$160 million for infrastructure work and site preparation.
Under the deal, the city, state, and Olympic committee would
fund the $250 million cost of converting the stadium into
an 80,000-seat Olympic venue and then return it to a baseball
configuration. When New York lost its bid for the 2012 games
last month, city and Olympic bid officials said no decisions
had been made on whether the Queens site remained in play
for future Olympic bids.
Whitney Expansion Plans Advance
The New York City Landmarks Preservation Commission recently
approved a revised plan for an expansion of Manhattan's Whitney
Museum of American Art, paving the way for a project 20 years
Pritzker Prize-winning architect Renzo Piano of Italy modified
his original plan, which had called for demolition of two
adjacent brownstones on 74th Street. The new plan will narrow
the museum's entrance from 32 to 16 ft. and locate a plaza
one floor higher in order to save one of the existing buildings.
The plan was revised because the museum's board deemed a
previous $200 million version too expensive. The new plan
will cost about $100 million. An earlier plan from two decades
ago died due to fierce opposition from the museum's neighbors.
The revised design calls for demolition of one of the brownstones
to create the new entrance and a new nine-story building behind
the current museum structure. The new building will link to
the museum via covered bridges.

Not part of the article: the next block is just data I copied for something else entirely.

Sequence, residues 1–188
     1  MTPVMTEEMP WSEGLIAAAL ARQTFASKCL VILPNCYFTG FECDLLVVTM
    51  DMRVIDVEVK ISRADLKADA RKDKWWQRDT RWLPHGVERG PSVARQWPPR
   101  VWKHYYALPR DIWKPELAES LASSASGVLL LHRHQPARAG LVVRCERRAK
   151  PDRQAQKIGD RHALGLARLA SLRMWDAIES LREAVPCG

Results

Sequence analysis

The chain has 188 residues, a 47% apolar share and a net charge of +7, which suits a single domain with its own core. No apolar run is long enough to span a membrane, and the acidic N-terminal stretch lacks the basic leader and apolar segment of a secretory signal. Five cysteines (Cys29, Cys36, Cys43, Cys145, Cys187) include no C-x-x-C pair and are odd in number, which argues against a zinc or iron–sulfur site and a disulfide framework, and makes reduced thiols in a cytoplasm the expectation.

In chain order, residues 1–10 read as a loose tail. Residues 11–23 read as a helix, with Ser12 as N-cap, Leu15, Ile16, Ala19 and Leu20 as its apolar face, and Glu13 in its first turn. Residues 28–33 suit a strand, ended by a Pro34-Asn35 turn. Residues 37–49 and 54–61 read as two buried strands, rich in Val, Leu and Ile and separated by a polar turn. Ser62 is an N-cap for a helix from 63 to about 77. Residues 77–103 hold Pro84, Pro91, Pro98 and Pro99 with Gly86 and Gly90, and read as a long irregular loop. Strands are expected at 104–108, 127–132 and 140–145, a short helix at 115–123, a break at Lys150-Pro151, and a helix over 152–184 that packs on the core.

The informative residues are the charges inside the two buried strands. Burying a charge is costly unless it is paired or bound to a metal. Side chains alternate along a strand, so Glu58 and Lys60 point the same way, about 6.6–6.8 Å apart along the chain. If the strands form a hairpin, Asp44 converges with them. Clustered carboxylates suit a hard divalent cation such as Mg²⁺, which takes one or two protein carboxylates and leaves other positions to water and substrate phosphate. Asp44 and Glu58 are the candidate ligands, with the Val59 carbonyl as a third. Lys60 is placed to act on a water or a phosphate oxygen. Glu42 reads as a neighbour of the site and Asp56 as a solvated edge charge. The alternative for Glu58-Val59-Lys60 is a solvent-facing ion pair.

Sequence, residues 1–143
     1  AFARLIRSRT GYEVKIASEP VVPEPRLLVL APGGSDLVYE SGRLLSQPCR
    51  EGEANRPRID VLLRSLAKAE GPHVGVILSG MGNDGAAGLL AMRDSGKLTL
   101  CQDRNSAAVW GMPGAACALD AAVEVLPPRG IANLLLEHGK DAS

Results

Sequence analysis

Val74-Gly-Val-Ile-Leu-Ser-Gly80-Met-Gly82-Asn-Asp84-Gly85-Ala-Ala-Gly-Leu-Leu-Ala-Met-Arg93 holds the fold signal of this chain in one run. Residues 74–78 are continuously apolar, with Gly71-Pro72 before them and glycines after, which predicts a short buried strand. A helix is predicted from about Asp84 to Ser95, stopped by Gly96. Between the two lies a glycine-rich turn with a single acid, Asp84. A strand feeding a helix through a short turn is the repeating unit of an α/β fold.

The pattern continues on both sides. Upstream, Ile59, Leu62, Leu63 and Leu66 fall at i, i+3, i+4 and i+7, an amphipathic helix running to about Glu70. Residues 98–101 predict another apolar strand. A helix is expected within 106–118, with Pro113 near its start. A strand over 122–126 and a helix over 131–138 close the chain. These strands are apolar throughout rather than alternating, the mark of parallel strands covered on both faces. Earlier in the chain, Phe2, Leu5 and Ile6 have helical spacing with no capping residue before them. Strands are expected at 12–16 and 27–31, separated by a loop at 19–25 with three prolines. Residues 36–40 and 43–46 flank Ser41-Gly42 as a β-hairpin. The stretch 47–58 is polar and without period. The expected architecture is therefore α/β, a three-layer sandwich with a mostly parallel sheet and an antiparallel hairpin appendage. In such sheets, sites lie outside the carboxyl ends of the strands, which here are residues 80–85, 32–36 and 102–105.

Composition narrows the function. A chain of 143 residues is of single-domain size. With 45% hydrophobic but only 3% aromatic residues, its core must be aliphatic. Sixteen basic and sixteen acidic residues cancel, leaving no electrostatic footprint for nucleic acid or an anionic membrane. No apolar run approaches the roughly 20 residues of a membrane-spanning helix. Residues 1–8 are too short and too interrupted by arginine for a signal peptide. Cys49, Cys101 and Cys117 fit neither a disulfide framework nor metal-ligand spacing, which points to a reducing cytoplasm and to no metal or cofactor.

The new facility will house more than 15,000 items from the
museum's collection. The construction effort will include
renovation and restoration of several other buildings on 74th
Street and Madison Avenue as well as the shearing off of back
portions of at least four of the structures in order to make
room for the tower.
The Whitney plan still must gain other city approvals, but
museum officials expect to break ground in 2007 and open the
new wing in 2009.
Washington Square Rehab Planned
Renovation of Washington Square Park in Manhattan may start
as early as this fall, following last year's completion of
a major refurbishing of the park's famous arch. But design
plans introduced by the New York City Department of Parks
and Recreation are facing opposition from a Greenwich Village
Under the $16 million proposal, approved this spring by Community
Board No. 2 and the city's Landmarks Preservation Commission,
renovations to the 179-year-old park include moving a sunken
fountain to align it better with the arch, enclosing the 9.75-acre
park with a granite and iron fence, replacing a performance
space with a seeded lawn, enlarging and moving two dog parks,
and flattening three asphalt mounds.
Parts of the plan drew strong opposition from Greenwich Village
residents, including a proposal to install iron entrance gates
that would have closed access to the park at night. The parks
department scrapped the gates, and in their place, proposed
using regular metal police barricades.
If the New York City Council approves funding for the plan,
construction would start later this year and last two to three
years, according to the parks department.